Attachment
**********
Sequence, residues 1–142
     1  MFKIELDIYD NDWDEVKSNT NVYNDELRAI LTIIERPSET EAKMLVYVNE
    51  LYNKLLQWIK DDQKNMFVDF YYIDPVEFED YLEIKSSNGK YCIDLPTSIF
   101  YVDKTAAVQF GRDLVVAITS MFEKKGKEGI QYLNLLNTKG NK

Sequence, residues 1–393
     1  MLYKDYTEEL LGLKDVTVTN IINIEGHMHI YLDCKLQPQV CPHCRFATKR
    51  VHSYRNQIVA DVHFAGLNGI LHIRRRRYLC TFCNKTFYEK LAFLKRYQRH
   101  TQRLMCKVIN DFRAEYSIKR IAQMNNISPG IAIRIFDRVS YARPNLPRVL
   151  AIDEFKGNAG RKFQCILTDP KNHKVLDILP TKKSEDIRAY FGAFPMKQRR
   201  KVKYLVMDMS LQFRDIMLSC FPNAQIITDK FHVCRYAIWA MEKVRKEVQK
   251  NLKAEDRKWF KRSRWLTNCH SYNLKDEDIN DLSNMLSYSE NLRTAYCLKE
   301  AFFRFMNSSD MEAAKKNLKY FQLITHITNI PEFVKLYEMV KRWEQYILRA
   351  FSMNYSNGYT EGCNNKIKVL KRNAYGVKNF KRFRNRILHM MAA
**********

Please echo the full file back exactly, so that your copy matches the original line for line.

Sequence, residues 1–142
     1  MFKIELDIYD NDWDEVKSNT NVYNDELRAI LTIIERPSET EAKMLVYVNE
    51  LYNKLLQWIK DDQKNMFVDF YYIDPVEFED YLEIKSSNGK YCIDLPTSIF
   101  YVDKTAAVQF GRDLVVAITS MFEKKGKEGI QYLNLLNTKG NK

Sequence, residues 1–393
     1  MLYKDYTEEL LGLKDVTVTN IINIEGHMHI YLDCKLQPQV CPHCRFATKR
    51  VHSYRNQIVA DVHFAGLNGI LHIRRRRYLC TFCNKTFYEK LAFLKRYQRH
   101  TQRLMCKVIN DFRAEYSIKR IAQMNNISPG IAIRIFDRVS YARPNLPRVL
   151  AIDEFKGNAG RKFQCILTDP KNHKVLDILP TKKSEDIRAY FGAFPMKQRR
   201  KVKYLVMDMS LQFRDIMLSC FPNAQIITDK FHVCRYAIWA MEKVRKEVQK
   251  NLKAEDRKWF KRSRWLTNCH SYNLKDEDIN DLSNMLSYSE NLRTAYCLKE
   301  AFFRFMNSSD MEAAKKNLKY FQLITHITNI PEFVKLYEMV KRWEQYILRA
   351  FSMNYSNGYT EGCNNKIKVL KRNAYGVKNF KRFRNRILHM MAA